COVID-19 has posed unprecedented challenge not only for health system, but also for legal system all over the world. This paper will analyze the legal challenges, North Macedonia has been facing because of COVID-19 pandemic. In 2020, when the pandemic started, the Parliament of North Macedonia was dissolved and pre-term elections were called. The President of the Republic proclaimed state of emergency. The interim Government was challenged to respond efficiently to the pandemic and its consequences, by using minimal restrictions of human rights. The paper will analyze the issue of balancing the values of constitutionalism with the need of efficient measures to deal with the pandemic in North Macedonia. The taken measures will be analyzed from the point of their compliance with the case law of the European Court of Human Rights. The paper will also assess the current measures adopted after the state of emergency and their influence on rule of law and democratic principles.
Extremists are using the Covid-19-pandemic to get attention. In Germany, the pandemic led firstly to an increase of hate crimes. The situation has become even more serious, especially due to the demonstrations of the lateral thinkers (“Querdenker”), where also right-wing extremists participated. The Federal Office for the Protection of the Constitution classified the protests as an object of observation nationwide. Legally, this observation is possible if actors support efforts against the free democratic basic order. This is an expression of the principle of a militant democracy, which includes e.g. party and association bans. All legal possibilities share that they protect the free democratic basic order. An analysis of case law shows that a whole range of fundamental rights is covered. I will use some examples to show that the interpretation is currently too broad and will argue that a return to the basic idea of militant democracy is necessary.
COVID-19 has challenged people worldwide to comply with meticulous healthcare instructions. Can states harness enclave communities to comply with the law in such crucial times, even when compliance conflicts with communal norms? We investigated this question through the case of Israeli ultra-Orthodox schools compliance with COVID-19 regulations. Drawing on interviews with school principals, media analysis, and a field survey, we found that the state has the capacity to harness the cooperation of previously suspicious communities. At the same time, communal authorities were able to shield widespread defiance from legal enforcement. These findings expose the bidirectionality of legal socialization: As the community uses defiance to attenuate the law, it socializes public authorities to accede to their bounded authority. As the authorities realize that the community cannot be brought to full compliance, they curtail enforcement and socialize the community to operate outside the law.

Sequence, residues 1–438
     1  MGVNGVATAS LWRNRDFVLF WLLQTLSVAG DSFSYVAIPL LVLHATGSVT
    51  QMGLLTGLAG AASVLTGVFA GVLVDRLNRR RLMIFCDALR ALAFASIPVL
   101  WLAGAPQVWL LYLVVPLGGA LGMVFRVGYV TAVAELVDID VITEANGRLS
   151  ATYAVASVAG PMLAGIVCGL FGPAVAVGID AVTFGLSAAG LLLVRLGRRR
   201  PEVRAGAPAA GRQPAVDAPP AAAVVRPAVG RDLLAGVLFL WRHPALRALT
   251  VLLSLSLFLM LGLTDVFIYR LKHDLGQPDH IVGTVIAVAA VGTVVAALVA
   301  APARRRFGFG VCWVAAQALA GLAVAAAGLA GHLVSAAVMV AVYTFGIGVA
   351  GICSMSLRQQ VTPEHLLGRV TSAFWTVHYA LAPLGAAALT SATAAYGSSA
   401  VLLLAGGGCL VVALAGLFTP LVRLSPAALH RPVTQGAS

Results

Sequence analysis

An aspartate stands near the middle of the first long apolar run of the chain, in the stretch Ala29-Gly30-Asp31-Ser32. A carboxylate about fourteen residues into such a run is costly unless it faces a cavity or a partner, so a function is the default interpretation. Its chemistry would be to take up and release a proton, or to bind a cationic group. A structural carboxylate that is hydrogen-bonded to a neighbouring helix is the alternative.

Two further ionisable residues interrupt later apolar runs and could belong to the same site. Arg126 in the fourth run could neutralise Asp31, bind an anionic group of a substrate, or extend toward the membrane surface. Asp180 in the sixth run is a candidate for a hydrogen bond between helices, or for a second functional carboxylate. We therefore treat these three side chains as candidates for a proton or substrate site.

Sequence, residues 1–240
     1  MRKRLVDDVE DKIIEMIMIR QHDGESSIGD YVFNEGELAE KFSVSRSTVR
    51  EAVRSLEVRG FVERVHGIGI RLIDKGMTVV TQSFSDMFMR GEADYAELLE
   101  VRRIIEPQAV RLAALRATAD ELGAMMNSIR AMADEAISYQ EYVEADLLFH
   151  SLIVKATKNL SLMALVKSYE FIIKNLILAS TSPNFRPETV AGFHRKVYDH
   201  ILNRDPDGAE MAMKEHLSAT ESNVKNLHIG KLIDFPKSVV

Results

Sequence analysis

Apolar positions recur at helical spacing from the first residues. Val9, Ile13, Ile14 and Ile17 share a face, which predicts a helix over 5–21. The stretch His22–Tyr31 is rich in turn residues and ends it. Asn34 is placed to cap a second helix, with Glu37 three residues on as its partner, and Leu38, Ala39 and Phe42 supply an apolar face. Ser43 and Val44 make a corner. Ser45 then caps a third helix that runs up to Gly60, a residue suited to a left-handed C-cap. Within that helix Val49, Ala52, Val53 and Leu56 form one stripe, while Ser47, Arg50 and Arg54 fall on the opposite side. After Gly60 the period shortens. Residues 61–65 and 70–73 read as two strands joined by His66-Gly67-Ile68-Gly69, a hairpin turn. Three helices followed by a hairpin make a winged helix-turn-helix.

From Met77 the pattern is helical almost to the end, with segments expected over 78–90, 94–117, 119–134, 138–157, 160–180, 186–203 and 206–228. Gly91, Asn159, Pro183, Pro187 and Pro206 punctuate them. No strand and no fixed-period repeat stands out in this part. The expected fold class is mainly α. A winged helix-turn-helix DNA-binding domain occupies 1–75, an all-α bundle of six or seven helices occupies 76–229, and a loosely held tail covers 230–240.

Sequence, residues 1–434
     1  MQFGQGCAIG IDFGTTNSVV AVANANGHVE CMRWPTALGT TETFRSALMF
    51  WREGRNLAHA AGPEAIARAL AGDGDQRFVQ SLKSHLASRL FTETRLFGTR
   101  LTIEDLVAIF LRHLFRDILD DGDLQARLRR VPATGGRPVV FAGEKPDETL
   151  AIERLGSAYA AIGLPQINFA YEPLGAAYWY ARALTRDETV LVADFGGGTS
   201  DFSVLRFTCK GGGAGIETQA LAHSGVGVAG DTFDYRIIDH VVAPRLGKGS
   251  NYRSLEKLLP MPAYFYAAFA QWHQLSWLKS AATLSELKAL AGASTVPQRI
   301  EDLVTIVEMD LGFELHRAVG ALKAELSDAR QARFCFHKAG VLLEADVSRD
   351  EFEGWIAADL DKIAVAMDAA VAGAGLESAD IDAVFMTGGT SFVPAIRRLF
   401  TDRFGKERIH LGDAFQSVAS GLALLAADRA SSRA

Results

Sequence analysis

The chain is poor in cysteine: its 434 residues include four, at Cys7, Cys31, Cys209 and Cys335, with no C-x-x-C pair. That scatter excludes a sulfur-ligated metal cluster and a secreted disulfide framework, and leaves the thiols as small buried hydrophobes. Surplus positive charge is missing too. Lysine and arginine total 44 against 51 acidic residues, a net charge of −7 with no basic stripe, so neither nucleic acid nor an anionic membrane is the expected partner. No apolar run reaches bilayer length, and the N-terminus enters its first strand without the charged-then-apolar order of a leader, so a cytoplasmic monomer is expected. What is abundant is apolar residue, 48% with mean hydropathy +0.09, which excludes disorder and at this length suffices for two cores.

The Chinese government’s respond to COVID-19, described as timely and effective, has been at the center of a renewed debate on governance efficiency and protection of citizens’ fundamental rights. Once again, we witnessed the historical opposition between liberal democracies and authoritarian regimes.
Since the beginning of Xi Jinping regime in 2012, China entered a new era of reforms, ultimately theorized, last November, in the “Xi Jinping Thought on the rule of law” and put in action by the “Plan for Building a rule-of-law China (2020-2025)”. The aim is to develop an indigenous principle of legality within the process of building a modern Socialism with Chinese characteristics. A new idea of the relationship between state and society is taking shape. Supervision, surveillance, security, social governance, self-government, rule of virtue and integrity are core issues of this new Chinese paradigm of a “country of rule of law, government of rule of law, society of rule of law”.
Local governments are more and more involved in the process of the protection of human rights, which is sometimes described as ‘glocalisation’ of human rights law. This is also an aspect of a broader trend of engaging some of the cities in international law and policy. This trend is generally seen as an opportunity for human rights protection. The research question that the paper will attempt to answer is whether cities’ involvement in human rights may be sometimes a threat to human rights? In this context a reference will be made to cities in Poland that have adopted resolutions designating them as “LGBT-free zones”, that grossly discriminate sexual minorities